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From Stefan Fritsch>
Subject Re: [discuss] The 'RM' Baton [was VOTE]
Date Wed, 10 Jul 2013 17:54:00 GMT
On Wednesday 10 July 2013, William A. Rowe Jr. wrote:
> On Wed, 10 Jul 2013 21:18:06 +1000
> Noel Butler <> wrote:
> > on holiday with a dog slow 3G vpn tonight, so I'll be brief (and
> > wont see any replies until I return on Sunday...)
> > 
> > I have never agreed with any "release often" principle, a project
> > that releases often (more than a few times a year) to me says
> > "immature instability" compared to a project that releases once
> > or twice a year (barring critical bug resolutions) - IOW,
> > release when necessary not just because its a "cool thing to
> > do". Take dovecot for instance, we stayed on the stable 1.2
> > series for more than a year after it was EOL, because its 2.0.x
> > kept having fixes and releases every couple of weeks for a
> > while, admins dont like that, it gives them no warm feelings
> > towards stability.
> On the other hand, waiting 6 mos for a 'complete' release also
> implies that users are waiting for other fixes for 5 months. 
> Reviewing CHANGES helps admins to determine if those fixes in a
> more frequent release cadence do address specific needs of each
> specific admin.
> > WRT slow take up of 2.4.x, I agree, the incentive (as was
> > discussed 2 years or so ago) was to EOL 2.0, and what needs
> > doing now, is starting the countdown to EOL of 2.2 -  if there's
> > no incentive to move, twenty years of history proves most admins
> > wont.
> Please keep an eye out, as Steffan has, for anywhere we are still
> presenting the 2.2 branch as 'stable' or implying that it is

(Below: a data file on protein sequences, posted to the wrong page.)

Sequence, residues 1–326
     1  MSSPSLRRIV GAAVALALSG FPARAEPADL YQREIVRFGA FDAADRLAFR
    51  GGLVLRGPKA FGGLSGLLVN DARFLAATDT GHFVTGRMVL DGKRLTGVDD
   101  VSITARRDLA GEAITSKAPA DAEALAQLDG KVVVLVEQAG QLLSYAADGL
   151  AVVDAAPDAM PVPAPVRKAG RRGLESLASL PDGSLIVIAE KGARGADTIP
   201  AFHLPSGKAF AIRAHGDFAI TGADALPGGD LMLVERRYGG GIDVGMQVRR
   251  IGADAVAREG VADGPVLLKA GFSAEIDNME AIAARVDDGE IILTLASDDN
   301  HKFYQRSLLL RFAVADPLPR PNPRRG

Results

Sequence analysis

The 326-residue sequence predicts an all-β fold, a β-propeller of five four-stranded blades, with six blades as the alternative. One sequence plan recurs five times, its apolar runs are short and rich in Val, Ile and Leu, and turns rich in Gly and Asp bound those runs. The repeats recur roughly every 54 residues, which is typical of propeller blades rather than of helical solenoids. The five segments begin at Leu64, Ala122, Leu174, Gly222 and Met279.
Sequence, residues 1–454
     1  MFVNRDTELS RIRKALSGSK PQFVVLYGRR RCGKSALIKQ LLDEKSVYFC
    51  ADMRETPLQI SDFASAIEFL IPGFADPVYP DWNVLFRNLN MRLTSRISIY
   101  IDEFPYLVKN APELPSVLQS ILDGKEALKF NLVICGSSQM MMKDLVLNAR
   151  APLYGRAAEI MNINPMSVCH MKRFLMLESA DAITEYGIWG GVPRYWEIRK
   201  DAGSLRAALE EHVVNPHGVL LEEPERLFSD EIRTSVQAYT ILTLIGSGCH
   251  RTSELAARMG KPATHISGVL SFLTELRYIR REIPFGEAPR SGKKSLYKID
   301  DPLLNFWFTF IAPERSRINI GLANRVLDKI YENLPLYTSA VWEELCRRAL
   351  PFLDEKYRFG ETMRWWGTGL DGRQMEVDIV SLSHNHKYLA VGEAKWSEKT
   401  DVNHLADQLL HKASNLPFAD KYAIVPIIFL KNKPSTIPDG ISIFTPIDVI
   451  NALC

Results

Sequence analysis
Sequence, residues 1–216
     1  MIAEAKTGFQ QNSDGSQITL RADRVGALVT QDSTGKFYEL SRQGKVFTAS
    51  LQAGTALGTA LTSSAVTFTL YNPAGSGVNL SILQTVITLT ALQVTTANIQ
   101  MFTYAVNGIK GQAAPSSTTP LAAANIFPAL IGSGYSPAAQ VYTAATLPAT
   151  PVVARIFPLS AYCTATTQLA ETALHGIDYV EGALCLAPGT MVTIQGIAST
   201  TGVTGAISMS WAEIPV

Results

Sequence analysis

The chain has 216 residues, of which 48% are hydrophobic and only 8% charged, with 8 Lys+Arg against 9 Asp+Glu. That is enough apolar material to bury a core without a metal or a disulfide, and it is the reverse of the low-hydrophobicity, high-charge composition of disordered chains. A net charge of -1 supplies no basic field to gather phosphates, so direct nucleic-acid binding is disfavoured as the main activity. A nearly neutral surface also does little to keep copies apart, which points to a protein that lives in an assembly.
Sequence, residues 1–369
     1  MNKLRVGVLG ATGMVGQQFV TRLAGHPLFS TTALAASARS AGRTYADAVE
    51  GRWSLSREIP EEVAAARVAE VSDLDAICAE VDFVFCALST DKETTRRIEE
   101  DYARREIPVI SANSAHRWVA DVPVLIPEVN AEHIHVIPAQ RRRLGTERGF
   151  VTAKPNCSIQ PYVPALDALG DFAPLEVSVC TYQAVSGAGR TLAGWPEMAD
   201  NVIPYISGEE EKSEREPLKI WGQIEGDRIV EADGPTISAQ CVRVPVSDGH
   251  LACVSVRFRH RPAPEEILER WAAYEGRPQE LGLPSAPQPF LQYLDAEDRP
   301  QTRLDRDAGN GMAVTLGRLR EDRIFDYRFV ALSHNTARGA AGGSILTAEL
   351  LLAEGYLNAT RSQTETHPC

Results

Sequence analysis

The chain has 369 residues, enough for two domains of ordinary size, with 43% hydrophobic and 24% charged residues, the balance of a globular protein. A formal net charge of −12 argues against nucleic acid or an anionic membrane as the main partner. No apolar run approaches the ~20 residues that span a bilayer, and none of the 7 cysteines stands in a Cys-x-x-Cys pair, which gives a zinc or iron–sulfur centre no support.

> current.
> In practice, 2.2 is the stable release, from what users experience.

This stems in part from the > 5 years between 2.2 and 2.4. 2.4 simply 
takes some time to stabilize. 2.2 did so, too (at the company I was 
working for at the time, we started adoption with 2.2.8 or so).

> The post from the modperl project relayed by Jim this past week is
> very welcome news, for getting 2.4 adopted by downstream packagers!

And the other part of the problems is distributions not picking 2.4 up 
early because of mod_perl missing and/or because of 2.4 being released 
at an unfortunate point of time in the distribution's own release 

> But the thread is largely about how long an offer to RM should be
> considered 'valid', vs. having another prospective RM pick up the
> baton and run with a new release.  We all get busy, and as active
> volunteers we tend to over-commit and under-deliver.  If STATUS
> were devoid of 'Bill claims the baton' messages, will others step
> up to RM more frequently?  You are asking the question, 'should we
> RM more frequently or avoid frequent releases?'  Based on the
> history and early adoption of both 2.0 and 2.2, I'd suggest that
> frequent releases do contribute to adoption.

I would also prefer more frequent releases, at least 4 per year. But I 
agree with other answers that the problem is lack of time of 
committers and not that one person has claimed the baton.


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